Recounting her first visit to Kyin Kyu’s home, volunteer Cheow Sit Yuen was overcome with sympathy at the atmosphere of gloom looming over the household. Kim Seng was shrouded in sorrow as the burden of the medical expenses weighed heavily on him. On the other hand, Kyin Kyu appeared to have lost all hope and was on the verge of tears, her face creased with worry for her illness and her children.

Kim Seng is deeply grateful to Tzu Chi for easing his burden by partially subsidizing Kyin Kyu’s dialysis fees. He is also thankful to his children’s teachers for providing free tuition classes and transportation to his children, allowing him peace of mind to focus on his work.

From denial to acceptance

When Kyin Kyu first started on dialysis treatment, she fell into despair and was prone to lamenting her suffering. It took the care and concern of a young acquaintance she befriended during treatment to free her from her inner turmoil.

The acquaintance reminded her to be grateful as her condition only called for dialysis treatment, unlike more life-threatening diseases like cancer. These words of advice gave Kyin Kyu a fresh perspective on her illness and left her with renewed fortitude to take her illness in her stride.

Besides providing financial relief, volunteers would also conduct monthly visits to Kyin Kyu’s home to keep tabs on her health and her family’s well-being, as well as extend moral support to her over the course of her treatment.

The volunteers visit Yan Kyin Kyu at her home monthly to check on her and her family’s well-being. [Photograph by Lim Yen Kuan]

Kyin Kyu has always had faith in her fellow countrymen as her pillar of strength to rely on in times of need, but her encounter with the volunteers altered her conviction. She professed to have never expected the volunteers, who are not related to her by blood, to welcome her into the fold like family. During festive seasons, the volunteers would not only bring her festive delicacies like rice dumplings, mooncakes or pastries, but also express concern for her family. She appreciated the volunteers’ unconditional kindness in making her feel at home in a foreign land.

Kyin Kyu is grateful to have received help, but at the same time expressed her hope to secure casual employment to support the family’s livelihood or even bear her own dialysis expenses one day so that her share of Tzu Chi’s subsidy could be channelled to those who are more deserving. She was moved by the assistance provided by Tzu Chi and her friends to tide her over difficult times. “I’m forever indebted to those who have helped me in times of need,” she declared.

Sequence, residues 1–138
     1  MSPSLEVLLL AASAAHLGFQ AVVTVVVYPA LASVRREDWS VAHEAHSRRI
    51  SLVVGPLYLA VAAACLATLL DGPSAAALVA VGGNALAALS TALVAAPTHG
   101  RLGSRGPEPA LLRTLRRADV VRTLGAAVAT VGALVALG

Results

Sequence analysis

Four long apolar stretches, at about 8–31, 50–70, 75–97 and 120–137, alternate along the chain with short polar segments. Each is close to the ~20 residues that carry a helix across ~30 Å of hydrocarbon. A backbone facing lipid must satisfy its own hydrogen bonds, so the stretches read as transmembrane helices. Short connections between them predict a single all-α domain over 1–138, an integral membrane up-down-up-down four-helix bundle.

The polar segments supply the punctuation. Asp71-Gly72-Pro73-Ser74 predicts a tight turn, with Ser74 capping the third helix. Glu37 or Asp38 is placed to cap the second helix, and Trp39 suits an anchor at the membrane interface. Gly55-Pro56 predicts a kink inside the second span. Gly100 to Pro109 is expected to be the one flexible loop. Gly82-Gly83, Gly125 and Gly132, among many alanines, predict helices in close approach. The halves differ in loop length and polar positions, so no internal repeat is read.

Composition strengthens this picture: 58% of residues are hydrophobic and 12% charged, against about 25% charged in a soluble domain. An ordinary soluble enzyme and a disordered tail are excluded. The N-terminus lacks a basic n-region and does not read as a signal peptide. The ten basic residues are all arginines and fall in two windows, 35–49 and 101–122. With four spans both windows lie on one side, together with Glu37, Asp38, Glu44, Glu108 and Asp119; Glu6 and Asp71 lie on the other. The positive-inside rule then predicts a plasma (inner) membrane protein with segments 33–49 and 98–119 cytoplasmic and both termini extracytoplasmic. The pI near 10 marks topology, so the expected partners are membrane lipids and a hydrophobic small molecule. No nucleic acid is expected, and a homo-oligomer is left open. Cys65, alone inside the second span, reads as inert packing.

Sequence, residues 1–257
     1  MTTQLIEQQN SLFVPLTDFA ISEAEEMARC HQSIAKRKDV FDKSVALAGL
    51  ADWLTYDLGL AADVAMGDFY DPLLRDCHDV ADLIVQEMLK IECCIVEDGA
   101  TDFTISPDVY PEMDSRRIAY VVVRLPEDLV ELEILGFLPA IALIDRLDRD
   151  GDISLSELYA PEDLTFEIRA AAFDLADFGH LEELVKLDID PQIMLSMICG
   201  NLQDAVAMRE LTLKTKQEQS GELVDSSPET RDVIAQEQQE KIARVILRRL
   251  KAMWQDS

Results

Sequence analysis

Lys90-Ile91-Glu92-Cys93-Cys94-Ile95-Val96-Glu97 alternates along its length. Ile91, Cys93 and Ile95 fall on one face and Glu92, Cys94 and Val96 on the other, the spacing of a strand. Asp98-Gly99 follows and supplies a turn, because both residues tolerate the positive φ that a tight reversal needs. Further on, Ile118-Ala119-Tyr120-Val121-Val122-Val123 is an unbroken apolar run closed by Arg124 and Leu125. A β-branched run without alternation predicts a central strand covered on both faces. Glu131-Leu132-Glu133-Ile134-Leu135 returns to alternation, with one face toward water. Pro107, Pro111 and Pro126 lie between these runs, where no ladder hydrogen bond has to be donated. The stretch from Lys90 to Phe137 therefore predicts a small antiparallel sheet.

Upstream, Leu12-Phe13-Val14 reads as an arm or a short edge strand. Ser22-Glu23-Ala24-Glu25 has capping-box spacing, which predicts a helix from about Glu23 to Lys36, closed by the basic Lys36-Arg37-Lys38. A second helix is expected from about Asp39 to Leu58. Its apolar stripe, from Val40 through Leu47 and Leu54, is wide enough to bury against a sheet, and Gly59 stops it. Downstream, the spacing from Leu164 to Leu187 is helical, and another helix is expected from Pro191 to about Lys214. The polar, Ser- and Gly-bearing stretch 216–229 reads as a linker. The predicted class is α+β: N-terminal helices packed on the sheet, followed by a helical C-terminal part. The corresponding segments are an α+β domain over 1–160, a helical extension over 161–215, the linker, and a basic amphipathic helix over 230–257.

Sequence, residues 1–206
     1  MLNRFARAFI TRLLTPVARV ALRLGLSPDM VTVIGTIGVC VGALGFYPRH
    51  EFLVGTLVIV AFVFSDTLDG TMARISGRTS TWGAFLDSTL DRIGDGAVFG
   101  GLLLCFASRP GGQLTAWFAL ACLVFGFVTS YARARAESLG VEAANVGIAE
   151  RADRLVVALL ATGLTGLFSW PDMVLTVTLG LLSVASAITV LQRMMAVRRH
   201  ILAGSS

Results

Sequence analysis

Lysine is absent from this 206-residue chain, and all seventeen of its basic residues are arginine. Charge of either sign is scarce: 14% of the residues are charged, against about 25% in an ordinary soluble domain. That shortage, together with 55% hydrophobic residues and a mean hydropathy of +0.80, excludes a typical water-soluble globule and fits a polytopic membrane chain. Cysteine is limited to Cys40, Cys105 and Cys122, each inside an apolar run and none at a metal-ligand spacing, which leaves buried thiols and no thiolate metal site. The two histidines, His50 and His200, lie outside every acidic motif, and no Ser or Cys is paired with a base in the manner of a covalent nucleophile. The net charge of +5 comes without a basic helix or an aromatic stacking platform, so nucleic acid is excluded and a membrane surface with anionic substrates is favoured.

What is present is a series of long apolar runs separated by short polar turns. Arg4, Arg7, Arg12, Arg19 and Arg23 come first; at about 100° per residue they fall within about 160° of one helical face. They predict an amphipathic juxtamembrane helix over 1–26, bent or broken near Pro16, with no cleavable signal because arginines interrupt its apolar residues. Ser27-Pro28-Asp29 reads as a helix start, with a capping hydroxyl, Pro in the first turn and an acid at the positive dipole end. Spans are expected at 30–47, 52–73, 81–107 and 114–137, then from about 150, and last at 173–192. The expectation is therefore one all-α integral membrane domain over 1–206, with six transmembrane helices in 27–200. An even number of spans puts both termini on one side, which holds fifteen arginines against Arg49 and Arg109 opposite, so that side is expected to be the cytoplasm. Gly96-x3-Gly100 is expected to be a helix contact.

Yan Kyin Kyu strives to be independent by taking up casual employment, and donates spare change to charity. [Photograph by Sam Pin Fook]

The self-reliant Kyin Kyu is constantly on the lookout for various means to supplement her household income, including working odd jobs that are less demanding, such as housekeeping, administrative tasks and online retailing. Her household expenditure soared with the addition of her dialysis fees, yet she would insist on saving up spare change for charity in the spirit of giving over receiving.

Kyin Kyu’s illness turned out to be somewhat a blessing in disguise, as her children had learnt to be more considerate and had matured into well-behaved and sensible individuals, while her husband would volunteer to help with the household chores. Kyin Kyu herself now pays more attention to her diet, in addition to participating in line dancing sessions in her community and staying fit with regular exercise. “Hospital wards are rife with pain and suffering. It’s difficult to empathize with the pain endured by the patients unless we experience the pain ourselves. Now, I’m aware that health is of paramount importance,” she mused.

Yan Kyin Kyu shared with the audience her struggle with kidney disease, having emerged stronger from the ordeal. [Photograph by Sam Pin Fook]

The past year, since commencing dialysis treatment, had been a rough ride for Kyin Kyu, but she remains determined not to be defeated by her condition. She credits her husband and children as her source of motivation to go on living. The hours spent in dialysis sessions no longer felt like drudgery. Instead, she cherishes the idle time as an opportunity to enjoy some peace and solitude. She is content with her current circumstances and values quality time with her family. Her health might have been compromised, but in return, she has been granted the fortune of rekindling warm and loving relationships with her loved ones.